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Yilan Origin

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  In 1806, armed conflict broke out amongst the various ethnic immigrants, followed by pillaging by the pirates Cai Qian and Zhu Zi. The government subsequently realized that if they continued to disregard Kavalan and did not establish the rule of law and a system of defense, Yilan would become a haven for criminals and outlaws -- a thorn in the side for Taiwan. In 1809, the Jiaqing Emperor incorporated Kavalan into the domain of the empire. Troops were dispatched to quell pirate attacks and chart the local territory. Yang Tingli was also commissioned to set up a governing body in the region.


  Yang Tingli dedicated the utmost efforts in order to observe the beliefs, customs and landscape of the region, completing "Constitution for the Founding of Kavalan" based on the idea of "Wuwei to the east, a land of appropriate size extending westward, a broad vista, clearly delineated mountainous ridges, bases for supervising administrative officials and patrolling personnel, and the building of city walls for defense." He chose Three-knot Street in Wuwei (modern day Yilan City) as the seat of the government, thus establishing Kavalan City.


  Whilst Yang Tingli was organizing the establishment of Yilan, he was originally to be transferred elsewhere but was then ordered to stay in Kavalan as a local supervising administrative official. In August of 1812, this position was taken over by Zhai Gan on orders of the Qing administration. Zhai Gan picked up where Yang Tingli left off, and the two men worked together planning various administrative strategies and measures, eventually completing the monumental task of developing Kavalan.


  Local government systems in Taiwan underwent many changes during the Qing period, but as for administrative levels lower than the county, and the even more local villages, there were no major changes. The earliest organization and planning of the Yilan district were based on the efforts of Yang Tingli and consisted of seven citadels. In 1835, the original seven citadels were further divided into twelve citadels based on the needs of the changing population and environment. This arrangement remained unchanged until the end of Qing Dynasty rule. Within this structure, Qing era Han territory in the Yilan district replaced only that of the original Pingpu tribe on the plains. In the mountains, however, conflicts of interest and in the process of development lead to sporadic clashes between the Han and the Atayal.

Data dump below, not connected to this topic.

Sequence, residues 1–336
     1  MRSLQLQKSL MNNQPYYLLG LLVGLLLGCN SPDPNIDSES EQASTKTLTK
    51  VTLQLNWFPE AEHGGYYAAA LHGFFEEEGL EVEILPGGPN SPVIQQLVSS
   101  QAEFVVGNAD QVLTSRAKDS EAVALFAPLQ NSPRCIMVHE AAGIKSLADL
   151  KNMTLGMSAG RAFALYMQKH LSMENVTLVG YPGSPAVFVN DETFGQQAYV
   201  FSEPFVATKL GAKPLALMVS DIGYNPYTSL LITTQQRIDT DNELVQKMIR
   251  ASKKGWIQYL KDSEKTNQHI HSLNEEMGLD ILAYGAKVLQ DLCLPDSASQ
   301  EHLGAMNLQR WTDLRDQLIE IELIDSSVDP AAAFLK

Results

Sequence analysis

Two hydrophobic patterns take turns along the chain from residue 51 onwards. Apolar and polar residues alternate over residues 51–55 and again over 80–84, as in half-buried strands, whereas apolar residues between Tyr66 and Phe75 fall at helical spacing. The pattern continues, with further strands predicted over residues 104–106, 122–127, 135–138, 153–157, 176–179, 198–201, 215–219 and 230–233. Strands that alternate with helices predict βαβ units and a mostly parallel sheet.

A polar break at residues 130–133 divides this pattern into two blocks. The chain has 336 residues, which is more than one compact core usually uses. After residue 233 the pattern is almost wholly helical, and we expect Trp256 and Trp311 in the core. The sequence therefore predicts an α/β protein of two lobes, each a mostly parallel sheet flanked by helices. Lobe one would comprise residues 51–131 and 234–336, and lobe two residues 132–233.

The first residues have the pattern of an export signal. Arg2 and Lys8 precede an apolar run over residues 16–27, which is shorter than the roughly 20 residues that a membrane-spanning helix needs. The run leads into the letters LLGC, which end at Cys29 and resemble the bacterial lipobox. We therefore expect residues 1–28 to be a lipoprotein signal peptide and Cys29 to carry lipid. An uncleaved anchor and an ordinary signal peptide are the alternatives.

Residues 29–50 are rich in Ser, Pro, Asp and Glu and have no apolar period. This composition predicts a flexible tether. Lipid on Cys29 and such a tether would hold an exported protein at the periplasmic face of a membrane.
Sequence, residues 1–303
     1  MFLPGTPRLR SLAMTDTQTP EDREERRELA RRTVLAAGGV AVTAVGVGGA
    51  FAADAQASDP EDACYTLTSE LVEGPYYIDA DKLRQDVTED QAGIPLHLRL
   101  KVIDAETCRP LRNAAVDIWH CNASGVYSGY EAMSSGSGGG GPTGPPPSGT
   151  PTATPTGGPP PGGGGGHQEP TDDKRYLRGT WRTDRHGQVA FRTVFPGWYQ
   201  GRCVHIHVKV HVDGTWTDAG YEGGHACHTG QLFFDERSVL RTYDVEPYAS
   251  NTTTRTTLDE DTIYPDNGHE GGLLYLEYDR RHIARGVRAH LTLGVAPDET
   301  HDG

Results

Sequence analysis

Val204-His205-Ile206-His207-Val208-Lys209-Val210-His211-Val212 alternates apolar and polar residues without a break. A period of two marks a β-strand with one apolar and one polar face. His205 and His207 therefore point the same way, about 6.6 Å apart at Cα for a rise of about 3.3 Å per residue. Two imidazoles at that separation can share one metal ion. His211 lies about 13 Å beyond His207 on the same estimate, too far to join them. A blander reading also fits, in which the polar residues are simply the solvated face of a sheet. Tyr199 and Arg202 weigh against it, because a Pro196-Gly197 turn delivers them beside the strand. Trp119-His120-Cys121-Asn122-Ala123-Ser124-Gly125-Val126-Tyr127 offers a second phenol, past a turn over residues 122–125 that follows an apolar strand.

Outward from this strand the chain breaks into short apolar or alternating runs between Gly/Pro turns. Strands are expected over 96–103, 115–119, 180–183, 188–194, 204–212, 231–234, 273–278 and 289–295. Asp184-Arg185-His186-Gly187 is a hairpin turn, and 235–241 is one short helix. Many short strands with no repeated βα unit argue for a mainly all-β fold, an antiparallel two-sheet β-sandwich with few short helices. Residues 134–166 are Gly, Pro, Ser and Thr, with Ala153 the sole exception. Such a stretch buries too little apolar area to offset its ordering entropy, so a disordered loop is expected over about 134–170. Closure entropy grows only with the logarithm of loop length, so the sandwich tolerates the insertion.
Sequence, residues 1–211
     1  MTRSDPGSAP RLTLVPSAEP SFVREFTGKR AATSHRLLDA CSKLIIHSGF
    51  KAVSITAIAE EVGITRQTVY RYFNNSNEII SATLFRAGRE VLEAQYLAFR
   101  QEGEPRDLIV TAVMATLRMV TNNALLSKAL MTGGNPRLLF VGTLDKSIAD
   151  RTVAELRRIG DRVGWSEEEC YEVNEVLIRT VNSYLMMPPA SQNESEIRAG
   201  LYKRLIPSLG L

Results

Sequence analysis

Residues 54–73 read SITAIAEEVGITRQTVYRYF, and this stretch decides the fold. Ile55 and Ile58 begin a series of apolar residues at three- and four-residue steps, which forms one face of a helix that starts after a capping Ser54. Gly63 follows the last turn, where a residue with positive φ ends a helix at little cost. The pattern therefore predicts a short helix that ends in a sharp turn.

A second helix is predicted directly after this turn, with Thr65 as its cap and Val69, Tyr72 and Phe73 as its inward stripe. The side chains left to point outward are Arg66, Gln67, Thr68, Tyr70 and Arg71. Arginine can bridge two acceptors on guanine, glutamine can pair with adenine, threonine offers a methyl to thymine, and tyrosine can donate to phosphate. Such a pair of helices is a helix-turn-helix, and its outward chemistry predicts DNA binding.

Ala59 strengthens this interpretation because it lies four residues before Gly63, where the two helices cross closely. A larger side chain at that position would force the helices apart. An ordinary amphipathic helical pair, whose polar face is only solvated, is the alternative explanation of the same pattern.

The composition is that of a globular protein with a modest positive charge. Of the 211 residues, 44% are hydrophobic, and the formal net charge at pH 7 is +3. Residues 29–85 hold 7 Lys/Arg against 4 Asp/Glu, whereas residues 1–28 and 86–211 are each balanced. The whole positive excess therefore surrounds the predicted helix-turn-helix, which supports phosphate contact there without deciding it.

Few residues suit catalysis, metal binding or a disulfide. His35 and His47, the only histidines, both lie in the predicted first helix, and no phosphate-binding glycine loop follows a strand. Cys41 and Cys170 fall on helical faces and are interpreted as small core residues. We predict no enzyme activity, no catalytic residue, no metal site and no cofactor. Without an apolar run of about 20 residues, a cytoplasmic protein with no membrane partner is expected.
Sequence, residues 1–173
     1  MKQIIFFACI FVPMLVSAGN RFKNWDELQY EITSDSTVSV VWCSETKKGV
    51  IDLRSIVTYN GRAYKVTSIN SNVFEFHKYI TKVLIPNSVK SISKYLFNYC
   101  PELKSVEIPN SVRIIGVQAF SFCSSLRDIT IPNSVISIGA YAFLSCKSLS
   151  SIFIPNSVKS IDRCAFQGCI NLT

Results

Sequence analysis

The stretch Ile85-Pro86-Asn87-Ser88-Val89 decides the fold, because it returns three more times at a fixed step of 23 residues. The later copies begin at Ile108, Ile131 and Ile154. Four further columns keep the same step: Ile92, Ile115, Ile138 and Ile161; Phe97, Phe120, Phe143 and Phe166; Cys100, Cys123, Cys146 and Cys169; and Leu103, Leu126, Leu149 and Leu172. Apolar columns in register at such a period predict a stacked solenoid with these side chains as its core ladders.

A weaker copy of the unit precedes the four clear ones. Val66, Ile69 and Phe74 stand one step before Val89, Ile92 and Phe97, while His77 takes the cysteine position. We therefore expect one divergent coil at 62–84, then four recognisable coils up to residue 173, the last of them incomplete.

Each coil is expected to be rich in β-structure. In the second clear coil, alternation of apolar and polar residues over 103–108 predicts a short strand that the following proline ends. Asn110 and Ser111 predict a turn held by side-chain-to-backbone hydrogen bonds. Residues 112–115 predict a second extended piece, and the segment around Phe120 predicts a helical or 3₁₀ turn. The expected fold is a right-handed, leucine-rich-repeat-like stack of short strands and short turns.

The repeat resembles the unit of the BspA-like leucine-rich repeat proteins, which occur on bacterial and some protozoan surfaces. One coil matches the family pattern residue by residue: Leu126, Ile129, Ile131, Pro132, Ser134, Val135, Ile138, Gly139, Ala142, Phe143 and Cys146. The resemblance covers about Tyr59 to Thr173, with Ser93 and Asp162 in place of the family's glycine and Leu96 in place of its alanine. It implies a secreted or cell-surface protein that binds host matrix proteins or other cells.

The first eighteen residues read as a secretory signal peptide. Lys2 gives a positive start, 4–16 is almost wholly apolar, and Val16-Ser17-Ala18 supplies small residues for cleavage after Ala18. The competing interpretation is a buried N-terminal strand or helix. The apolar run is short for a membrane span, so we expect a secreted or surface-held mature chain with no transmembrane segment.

With respect to the Pingpu tribe, Yang Tingli initiated the policy of allotting reservations for settling aboriginal peoples during the Qing era. By the 1850s, this policy appeared to lose its effectiveness. Under increasing hardship and pressure to eke out a living, the Pingpu abandoned their homes and migrated to the mountainous regions or simply left permanently to settle down elsewhere.

 

Integration into the Qing Dynasty DomainIntegration into the Qing Dynasty Domain

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